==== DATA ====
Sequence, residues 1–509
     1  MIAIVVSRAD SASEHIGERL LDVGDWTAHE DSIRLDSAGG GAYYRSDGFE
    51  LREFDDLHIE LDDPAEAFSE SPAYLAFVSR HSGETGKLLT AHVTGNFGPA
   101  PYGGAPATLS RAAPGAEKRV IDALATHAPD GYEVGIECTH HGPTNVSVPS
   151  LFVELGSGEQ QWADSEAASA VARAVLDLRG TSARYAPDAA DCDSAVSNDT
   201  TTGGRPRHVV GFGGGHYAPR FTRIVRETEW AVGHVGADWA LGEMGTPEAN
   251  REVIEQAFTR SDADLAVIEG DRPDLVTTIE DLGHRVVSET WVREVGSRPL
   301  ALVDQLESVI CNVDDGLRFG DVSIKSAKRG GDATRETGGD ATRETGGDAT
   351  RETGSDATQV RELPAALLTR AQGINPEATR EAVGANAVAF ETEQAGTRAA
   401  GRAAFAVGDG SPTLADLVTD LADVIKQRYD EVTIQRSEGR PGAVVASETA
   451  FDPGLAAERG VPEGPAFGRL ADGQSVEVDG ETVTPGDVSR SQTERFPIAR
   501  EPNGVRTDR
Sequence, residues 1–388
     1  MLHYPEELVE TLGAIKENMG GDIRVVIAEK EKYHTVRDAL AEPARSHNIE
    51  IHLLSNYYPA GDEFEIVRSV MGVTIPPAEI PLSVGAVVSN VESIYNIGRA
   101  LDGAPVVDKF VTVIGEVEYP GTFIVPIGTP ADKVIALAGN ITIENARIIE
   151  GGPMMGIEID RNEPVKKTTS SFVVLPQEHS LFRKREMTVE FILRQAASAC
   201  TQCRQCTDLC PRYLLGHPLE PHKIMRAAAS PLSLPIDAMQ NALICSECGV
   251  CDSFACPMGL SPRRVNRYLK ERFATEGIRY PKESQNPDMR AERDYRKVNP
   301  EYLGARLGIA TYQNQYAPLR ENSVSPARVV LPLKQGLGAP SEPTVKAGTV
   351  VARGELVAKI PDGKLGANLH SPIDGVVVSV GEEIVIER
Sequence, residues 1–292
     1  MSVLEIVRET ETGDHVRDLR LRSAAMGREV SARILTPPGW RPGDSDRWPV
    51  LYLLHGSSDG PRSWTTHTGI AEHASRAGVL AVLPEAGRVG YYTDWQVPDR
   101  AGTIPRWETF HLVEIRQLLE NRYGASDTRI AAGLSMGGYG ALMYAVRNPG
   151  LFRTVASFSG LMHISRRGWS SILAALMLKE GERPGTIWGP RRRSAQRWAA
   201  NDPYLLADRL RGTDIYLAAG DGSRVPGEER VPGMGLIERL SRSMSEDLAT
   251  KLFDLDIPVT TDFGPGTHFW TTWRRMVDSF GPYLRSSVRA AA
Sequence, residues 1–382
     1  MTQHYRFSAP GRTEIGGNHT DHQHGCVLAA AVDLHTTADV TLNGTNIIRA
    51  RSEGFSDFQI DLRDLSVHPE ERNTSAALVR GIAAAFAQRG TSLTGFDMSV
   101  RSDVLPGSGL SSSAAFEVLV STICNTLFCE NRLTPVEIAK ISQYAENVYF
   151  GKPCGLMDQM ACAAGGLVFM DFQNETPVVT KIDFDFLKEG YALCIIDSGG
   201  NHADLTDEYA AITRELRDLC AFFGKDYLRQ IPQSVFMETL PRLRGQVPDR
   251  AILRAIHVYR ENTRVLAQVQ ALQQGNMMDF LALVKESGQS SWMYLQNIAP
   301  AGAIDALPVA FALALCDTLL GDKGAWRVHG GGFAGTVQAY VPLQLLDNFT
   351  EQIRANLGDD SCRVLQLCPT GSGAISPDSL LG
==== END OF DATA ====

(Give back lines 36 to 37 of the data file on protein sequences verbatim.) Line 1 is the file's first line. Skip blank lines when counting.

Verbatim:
   301  AGAIDALPVA FALALCDTLL GDKGAWRVHG GGFAGTVQAY VPLQLLDNFT
   351  EQIRANLGDD SCRVLQLCPT GSGAISPDSL LG